EV Update, Part 2: Public Car Charging Grows 25%
Research follows the tracks and trips of electric vehicle drivers
Published in CSP Daily News
SAN FRANCISCO -- As the electric-vehicle (EV) market is poised for greater expansion, new research is helping illuminate the “fueling” behaviors of the EV driver.
San Francisco-based ECOtality Inc. oversees the Blink Network of residential, private and public smart-charging stations. The latter range from a Level 2 wall mount for parking garages to a Level 3 DC Fast Charger for sites such as gas stations. ECOtality’s retailer partners include BP, Best Buy, Ikea and Cracker Barrel.
In the third quarter of 2012, ECOtality saw a 25% jump in charging at public stations, just one of the many metrics tracked in its research initiative, The EV Project, which collects EV driver data in ECOtality’s Blink Network of more than 4,000 residential and 1,800 public Level 2 chargers, and 39 public Level 3 DC Fast Chargers. (For more, see www.theevproject.com/.)
ECOtality has nearly 7,800 charging units installed as part of the EV Project in 17 markets, including Phoenix and Tucson, Ariz.; Los Angeles, San Diego and San Francisco; Washington, D.C.; Oregon; Chattanooga, Knoxville, Memphis and Nashville, Tenn.; Dallas/Ft. Worth and Houston; Washington state; and most recently, Chicago, Atlanta and Philadelphia.
Some interesting findings from latest quarter studied by The EV Project include:
- At the public Level 2 chargers, users kept their vehicles connected for an average of 5 hours per charging event, with the peak being the noon hour during the weekday.
- The percentage of home charging continues to decrease. For example, the typical Nissan Leaf owner charges up at home 80% of the time. In the third quarter 2012, this slipped to 70%.
- The average mileage per quarter has grown to 2,275 miles, with drivers of the electric-gas hybrid Chevrolet Volt typically driving farther each day than 100% electric Nissan Leaf drivers. Interestingly, the average number of charge events was also slightly higher for Volt drivers, or 1.4 per day.
“Those types of customers, while they have the gas back-up generator, are still using the public infrastructure because they want to stay away from using [gasoline],” said Brian Koontz, director of strategic corporate development for ECOtality. “They want the comfort level of knowing they have additional fuel, but they don’t want to use it.”
EV drivers’ charging behavior depends on where and how they charge.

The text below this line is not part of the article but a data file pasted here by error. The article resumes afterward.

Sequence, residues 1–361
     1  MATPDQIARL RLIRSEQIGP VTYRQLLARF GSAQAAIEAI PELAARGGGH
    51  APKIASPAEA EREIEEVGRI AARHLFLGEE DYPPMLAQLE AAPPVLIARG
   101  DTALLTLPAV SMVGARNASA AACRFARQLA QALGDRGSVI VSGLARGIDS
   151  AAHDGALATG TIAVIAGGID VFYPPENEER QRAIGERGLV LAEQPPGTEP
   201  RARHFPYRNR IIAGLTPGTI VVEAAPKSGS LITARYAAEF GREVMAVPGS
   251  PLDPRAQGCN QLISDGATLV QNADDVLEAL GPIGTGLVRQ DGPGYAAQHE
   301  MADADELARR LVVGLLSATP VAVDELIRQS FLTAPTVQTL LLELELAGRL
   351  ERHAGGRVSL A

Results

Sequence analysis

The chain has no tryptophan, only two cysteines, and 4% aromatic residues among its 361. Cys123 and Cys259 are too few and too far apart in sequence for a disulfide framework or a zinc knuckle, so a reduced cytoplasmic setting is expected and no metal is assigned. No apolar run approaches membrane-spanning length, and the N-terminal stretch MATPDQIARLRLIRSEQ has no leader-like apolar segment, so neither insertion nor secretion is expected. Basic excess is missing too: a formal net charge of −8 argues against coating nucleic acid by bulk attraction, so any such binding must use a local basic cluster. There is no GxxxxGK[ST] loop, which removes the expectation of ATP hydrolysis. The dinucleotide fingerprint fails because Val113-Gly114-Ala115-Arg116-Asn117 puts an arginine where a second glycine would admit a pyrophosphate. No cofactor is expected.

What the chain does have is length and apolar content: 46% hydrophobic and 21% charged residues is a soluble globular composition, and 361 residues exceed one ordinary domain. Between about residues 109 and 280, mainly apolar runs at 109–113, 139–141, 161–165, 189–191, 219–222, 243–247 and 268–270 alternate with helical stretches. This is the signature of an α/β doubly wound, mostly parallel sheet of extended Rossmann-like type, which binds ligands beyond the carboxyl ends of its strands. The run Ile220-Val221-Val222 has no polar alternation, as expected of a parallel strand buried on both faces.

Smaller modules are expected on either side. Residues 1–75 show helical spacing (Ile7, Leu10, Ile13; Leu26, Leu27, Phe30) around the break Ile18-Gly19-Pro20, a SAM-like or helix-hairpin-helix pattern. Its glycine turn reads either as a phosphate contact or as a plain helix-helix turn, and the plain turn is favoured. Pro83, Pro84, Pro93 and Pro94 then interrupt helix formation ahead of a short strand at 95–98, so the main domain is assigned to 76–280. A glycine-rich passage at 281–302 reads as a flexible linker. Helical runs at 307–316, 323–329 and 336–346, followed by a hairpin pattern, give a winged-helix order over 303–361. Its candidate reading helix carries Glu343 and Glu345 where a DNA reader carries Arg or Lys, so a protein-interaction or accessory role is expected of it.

“For retailers and shopping centers, we’re seeing customers staying an hour, an hour and 15 minutes,” said Koontz. “They’re engaged in something called ‘trip-chaining.’ As they go between the office to a retail place to a grocery store to a restaurant, they are stopping for that amount of time to get that amount of range before they go to their primary fueling spot, which is home.”
At c-stores, Level 3 DC Fast Charge stations are the common setup.
“At standard fueling stations, their average customer stay is between 5 to 10 minutes depending on what they’re doing,” said Koontz, who noted that most of these sites have a restaurant on site or nearby. “Those are high-turnover places, usually areas close off of highways where it’s good to have a DC Fast Charge station, which can fuel up a vehicle 80% in 20 minutes.”
ECOtality’s research reveals that EV drivers are working public charging stations into their commutes and daily routines. “You may go shop at store X vs. store Y because they are now offering this convenience and the opportunity to plug in and charge your car, and it’s not that far out of your way,” said Koontz.
The exec noted, however, that retailers who offer public charging stations need to accept a couple fundamental truths about EV drivers.
“When people are talking about refueling electric cars, they’re not talking about filling up,” said Koontz. “It’s a whole different mind shift/change for individuals when you start talking about utilizing the commercial electric vehicle structure. Most of the time with these DC fast chargers, they’re only going to be used for 5 to 10 minutes because they only need enough range to get them back home.”
The vast majority of EV charging stations charge a fee, said Koontz. “The fee for use is generally for access to use the charging station. It doesn’t have anything tied to the electricity use for it,” he said, adding that $1.50 per hour for access seems to be the average. ECOtality offers EV drivers tiered levels of membership to its Blink Network of public charging sites, ranging from $1 to $2 per hour.
That being said, if you are trying to develop a quick return-on-investment based on the access fees—don’t.
“Whether you are a c-store or big box, you can’t look at this initiative today as working to get an ROI based upon access fees that are generated from the charging station,” said Koontz. “There needs to be a lot of other, much better reasons to do it: It’s part of your customer social responsibility, or part of your green initiative.”
There is ancillary revenue that is currently unquantifiable, he added, and unrealized revenue from trip chaining, new behavior patterns and other goods that are inside the stores that are drawing customers that has not yet been documented.